I’m kind of surprised that the Powers That Be at GE haven’t already done this, but DJ Heat has put together a mixtape made up entirely of live tracks of the Roots playing with some of hip-hop’s biggest names, all from their gig on Late Night with Jimmy Fallon. We’re talking everyone from old skoolers like Q-Tip and Public Enemy to newer jacks like Wale (not to mention Mos Def, 50 Cent and damn near the entire Wu-Tang Clan). The only real “problem” with the Late Night with the Roots mixtape really is the same problem that most live TV performances have–the sound is so/so and doesn’t seem to capture the full energy of the gig. Now, with that being said, the Roots prove admirably that they’re possibly one of the only bands out there that could do justice to the job. For the most part, rap sounds like shit live, particularly if the MC doesn’t have a real, live backing band. The Roots, however, are able to create live what most DJs/producers would give their left nut for to recreate on wax. Quite simply, they have a musician’s knack for creating hip hop with instruments, and, hot damn, they do it well.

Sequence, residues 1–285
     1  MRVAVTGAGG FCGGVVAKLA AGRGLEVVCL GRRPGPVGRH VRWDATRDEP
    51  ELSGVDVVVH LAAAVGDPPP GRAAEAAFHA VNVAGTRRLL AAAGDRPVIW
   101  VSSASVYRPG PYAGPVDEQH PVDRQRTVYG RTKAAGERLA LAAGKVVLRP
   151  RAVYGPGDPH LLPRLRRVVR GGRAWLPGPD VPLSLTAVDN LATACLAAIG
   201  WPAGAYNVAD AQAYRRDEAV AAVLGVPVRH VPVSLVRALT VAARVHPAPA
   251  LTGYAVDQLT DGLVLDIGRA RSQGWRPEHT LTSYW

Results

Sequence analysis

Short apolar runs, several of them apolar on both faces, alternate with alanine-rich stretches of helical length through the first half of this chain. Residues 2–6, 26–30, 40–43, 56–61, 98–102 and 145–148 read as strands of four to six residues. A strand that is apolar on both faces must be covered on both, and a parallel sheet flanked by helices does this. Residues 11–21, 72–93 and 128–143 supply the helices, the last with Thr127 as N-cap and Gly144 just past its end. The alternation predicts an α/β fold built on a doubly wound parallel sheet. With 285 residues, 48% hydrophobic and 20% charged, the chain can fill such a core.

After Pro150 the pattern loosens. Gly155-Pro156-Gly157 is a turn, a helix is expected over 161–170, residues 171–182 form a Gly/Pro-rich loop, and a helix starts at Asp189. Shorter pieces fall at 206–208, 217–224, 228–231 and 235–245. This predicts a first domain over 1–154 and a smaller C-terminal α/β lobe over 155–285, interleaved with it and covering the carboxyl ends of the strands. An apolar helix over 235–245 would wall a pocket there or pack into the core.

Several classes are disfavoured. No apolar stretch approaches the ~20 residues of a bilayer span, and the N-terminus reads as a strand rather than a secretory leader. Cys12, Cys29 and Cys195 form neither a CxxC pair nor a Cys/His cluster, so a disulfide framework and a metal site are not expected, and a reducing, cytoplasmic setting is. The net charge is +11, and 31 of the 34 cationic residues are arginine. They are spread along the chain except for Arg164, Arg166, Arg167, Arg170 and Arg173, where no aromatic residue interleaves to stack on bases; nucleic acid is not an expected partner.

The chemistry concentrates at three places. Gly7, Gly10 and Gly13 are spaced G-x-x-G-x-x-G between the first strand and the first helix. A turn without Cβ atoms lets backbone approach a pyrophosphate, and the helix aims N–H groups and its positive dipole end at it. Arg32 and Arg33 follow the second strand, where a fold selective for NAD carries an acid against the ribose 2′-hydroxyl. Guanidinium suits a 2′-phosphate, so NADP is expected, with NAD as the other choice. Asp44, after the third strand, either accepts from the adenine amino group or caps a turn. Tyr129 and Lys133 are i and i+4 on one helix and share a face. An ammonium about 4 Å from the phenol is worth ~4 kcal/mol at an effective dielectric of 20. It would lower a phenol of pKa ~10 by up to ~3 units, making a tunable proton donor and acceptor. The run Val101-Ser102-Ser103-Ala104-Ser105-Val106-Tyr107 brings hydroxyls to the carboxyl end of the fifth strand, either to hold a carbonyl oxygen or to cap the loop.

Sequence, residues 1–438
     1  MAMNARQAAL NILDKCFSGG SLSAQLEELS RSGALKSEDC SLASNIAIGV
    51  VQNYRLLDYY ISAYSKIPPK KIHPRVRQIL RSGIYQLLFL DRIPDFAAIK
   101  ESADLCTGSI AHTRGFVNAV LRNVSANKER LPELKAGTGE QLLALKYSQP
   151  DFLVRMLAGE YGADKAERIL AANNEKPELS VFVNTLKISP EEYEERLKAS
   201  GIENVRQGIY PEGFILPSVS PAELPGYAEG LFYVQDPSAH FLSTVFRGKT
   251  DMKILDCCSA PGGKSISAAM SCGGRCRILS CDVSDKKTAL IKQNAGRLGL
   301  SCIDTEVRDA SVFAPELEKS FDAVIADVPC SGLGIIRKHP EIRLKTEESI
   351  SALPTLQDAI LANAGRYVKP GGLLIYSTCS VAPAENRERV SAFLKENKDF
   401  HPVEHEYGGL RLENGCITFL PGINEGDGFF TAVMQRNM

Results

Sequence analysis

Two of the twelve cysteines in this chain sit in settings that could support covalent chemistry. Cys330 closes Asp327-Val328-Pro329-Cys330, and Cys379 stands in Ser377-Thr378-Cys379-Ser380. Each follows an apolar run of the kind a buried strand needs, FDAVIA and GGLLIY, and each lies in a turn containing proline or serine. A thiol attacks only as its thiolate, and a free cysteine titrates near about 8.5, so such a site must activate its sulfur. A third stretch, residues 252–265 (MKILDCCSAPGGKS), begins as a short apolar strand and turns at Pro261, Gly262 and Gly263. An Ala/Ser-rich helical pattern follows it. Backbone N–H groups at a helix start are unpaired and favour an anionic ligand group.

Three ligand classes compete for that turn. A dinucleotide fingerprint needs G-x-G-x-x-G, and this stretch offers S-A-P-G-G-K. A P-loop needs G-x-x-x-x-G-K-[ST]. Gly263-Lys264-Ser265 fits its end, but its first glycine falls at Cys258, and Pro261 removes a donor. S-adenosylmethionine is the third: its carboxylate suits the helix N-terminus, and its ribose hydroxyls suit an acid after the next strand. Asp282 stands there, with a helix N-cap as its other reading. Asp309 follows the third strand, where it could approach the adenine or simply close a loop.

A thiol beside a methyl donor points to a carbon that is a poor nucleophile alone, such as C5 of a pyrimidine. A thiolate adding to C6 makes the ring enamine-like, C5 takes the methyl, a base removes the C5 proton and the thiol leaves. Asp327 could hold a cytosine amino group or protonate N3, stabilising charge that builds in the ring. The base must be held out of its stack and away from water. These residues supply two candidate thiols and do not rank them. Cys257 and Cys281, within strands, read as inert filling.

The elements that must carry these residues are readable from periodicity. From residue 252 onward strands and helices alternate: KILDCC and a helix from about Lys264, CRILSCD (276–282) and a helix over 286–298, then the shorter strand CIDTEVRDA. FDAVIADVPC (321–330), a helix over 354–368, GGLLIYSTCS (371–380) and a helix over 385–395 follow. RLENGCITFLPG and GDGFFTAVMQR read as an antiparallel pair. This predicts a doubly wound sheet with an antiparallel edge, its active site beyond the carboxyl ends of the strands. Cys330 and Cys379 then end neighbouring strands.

Some of the tracks here simply are of better quality than others. It’s a shame, for example, that the Beastie Boys track has a few glitches. As it appears the songs were recorded directly from the TV (as opposed to sound board quality), it’s hard to where the imperfections originated, but it’s a bummer no matter whose fault it is. Of perhaps little to no surprise, the best tracks here are from groups that are used to working with live bands. The Blakroc track, in my opinion, is heads and shoulders above everything else here.
While I don’t watch Fallon’s show (or any other talk show, for that matter), there’s still one glaring omission for my money here. The Day Wacko Jacko OD’d off to Neverland, the Roots cut some cover tracks with Erykah Badu while she was there in studio. The quality of those tracks is infinitely superior, and, more importantly, they show the band having more “fun.”
Bottom line, this definitely is worth checking out, though you might end up culling some or most of the tracks from your mp3 library after you’ve sampled them. If you really want to hear the Roots “live on wax,” look no further than “The Roots Come Alive,” possibly the greatest live in concert rap CD of all times. If you want to hear the Roots play with some of the biggest guns in the game today, though, this one is for you.